Corps releases inspection ratings for Clear Lake levees

Published April 17, 2013

SACRAMENTO, Calif. – Inspections by the U.S. Army Corps of Engineers Sacramento District rated maintenance of two levee systems near Clear Lake minimally acceptable and gave an unacceptable maintenance rating to four Clear Lake levee systems. The levee systems are maintained by Lake County Watershed Protection District and the California Department of Water Resources.

The Sacramento District conducted routine inspection of the six levee systems June 28-29, 2011. Findings were provided April 2, 2013 for review to Lake County. Final reports were presented to the Central Valley Flood Protection Board March 22, 2013. The most serious deficiencies throughout the systems were encroachments. Unacceptable vegetation was noted during the inspections, but in none of the six systems did vegetation result in an overall unacceptable rating.

“Levee inspections are all about making sure that a levee can reliably do what we expect it to,” said Meegan Nagy, Sacramento District levee safety program manager. “Our findings help the agencies that own and maintain these levees prioritize levee fixes – and help the public understand their flood risk and make informed decisions about their safety.”

Inspection findings also determine levee systems’ continued eligibility for the Corps’ rehabilitation and inspection program, the Corps’ authority to provide federal assistance for flood fighting and repairing levees damaged by floods or storms. Systems rated unacceptable were found not to meet Corps levee safety criteria and are ineligible for federal aid in repairing flood or storm damage to levees until their deficiencies are corrected.

“We are addressing the unacceptable ratings, and have sent a re-inspection request for two of the three county-maintained systems to the Central Valley Flood Protection Board to remove the unacceptable ratings where we’ve already made repairs,” said Tom Smythe, Lake County Water Resources Department water resources engineer. “We’re actively working to remove the third unacceptable rating from its system.”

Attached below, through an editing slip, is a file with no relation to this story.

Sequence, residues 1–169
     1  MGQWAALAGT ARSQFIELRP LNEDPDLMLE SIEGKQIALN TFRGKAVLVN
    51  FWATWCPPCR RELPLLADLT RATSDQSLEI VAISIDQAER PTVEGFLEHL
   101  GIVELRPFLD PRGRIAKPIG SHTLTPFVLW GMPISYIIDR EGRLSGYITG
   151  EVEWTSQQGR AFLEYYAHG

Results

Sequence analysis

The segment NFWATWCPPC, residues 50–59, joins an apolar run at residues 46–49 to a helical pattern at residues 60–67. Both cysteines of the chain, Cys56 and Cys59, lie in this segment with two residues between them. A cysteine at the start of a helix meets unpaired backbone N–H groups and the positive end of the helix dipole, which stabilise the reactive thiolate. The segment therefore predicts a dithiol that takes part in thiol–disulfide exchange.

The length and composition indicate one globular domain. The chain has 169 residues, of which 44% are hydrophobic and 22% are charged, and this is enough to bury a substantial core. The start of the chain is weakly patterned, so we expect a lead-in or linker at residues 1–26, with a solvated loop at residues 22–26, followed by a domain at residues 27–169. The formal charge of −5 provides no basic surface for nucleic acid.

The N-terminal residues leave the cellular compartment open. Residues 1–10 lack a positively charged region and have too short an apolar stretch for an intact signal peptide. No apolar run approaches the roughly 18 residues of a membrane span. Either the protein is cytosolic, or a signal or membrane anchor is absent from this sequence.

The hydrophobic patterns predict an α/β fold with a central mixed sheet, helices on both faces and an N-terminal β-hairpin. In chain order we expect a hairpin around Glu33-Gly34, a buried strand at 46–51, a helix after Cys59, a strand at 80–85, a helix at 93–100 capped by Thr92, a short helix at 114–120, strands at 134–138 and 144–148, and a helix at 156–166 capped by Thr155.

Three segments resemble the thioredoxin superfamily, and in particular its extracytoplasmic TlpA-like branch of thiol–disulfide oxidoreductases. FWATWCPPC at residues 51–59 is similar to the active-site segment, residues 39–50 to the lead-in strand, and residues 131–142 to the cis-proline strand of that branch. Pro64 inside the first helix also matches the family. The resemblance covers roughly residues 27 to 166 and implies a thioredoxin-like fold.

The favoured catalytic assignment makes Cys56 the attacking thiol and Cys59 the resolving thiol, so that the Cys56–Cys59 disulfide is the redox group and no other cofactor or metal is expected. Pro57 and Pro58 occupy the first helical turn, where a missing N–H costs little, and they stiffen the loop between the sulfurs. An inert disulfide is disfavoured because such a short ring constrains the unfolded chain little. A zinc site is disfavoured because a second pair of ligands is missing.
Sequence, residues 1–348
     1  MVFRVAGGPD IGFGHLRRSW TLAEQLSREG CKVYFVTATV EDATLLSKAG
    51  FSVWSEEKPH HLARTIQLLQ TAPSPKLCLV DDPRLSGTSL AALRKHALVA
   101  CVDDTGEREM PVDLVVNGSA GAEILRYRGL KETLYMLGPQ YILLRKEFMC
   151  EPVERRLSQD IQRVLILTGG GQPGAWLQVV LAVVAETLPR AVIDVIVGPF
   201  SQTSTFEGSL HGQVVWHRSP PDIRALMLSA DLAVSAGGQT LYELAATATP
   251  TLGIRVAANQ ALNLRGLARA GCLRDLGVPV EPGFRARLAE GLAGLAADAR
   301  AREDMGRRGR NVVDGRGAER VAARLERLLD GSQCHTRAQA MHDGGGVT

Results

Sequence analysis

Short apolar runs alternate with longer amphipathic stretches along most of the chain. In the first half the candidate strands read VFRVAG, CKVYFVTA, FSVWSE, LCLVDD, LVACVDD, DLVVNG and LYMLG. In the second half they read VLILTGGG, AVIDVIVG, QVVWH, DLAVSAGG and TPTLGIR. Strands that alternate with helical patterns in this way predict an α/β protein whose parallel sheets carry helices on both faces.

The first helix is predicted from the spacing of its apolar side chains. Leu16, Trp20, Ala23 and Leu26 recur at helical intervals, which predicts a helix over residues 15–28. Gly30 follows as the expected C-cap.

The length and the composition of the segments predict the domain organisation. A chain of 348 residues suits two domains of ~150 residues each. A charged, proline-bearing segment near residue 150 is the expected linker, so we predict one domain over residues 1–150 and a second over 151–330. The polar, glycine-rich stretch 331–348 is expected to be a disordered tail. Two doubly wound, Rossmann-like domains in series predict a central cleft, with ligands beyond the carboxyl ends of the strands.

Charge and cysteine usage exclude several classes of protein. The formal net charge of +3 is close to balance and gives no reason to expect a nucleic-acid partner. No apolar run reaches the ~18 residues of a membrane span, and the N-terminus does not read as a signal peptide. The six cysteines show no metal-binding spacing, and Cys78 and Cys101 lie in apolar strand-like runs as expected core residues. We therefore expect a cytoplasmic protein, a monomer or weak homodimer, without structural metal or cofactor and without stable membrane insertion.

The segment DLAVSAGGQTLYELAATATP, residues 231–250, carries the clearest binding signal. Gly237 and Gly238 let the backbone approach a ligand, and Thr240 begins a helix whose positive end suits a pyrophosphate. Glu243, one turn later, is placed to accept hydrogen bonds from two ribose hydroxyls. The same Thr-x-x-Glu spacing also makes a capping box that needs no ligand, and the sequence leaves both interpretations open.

“The Central Valley Flood Protection Board, Department of Water Resources and Lake County are continuing to work collaboratively to resolve encroachment and maintenance issues with a goal of achieving an acceptable rating on all the levee systems,” said Len Marino, chief engineer for the Central Valley Flood Protection Board. “The Board and our partners at Lake County and the Department of Water Resources share a common commitment to public safety and flood risk reduction.”

The Corps will continue to provide flood fighting assistance for all six systems, regardless of their status. When the maintenance problems have been corrected, Lake County may request a re-inspection of the levee systems, and regain active status in the program if they’ve been adequately addressed.

Of the more than 6,500 miles of levees in the Central Valley, about 1,760 are in the Corps’ Levee Safety Program. Annual inspections of California levees sponsored by the Central Valley Flood Protection Board are conducted mostly by the California Department of Water Resources, with the Corps inspecting 10 percent of those levees annually for quality assurance. The Corps does not own or maintain any levees in the Central Valley, but continues to work with the board and local agencies to complete levee improvement projects and reduce flood risk throughout the valley.

Chris Gray

Release no. 13-019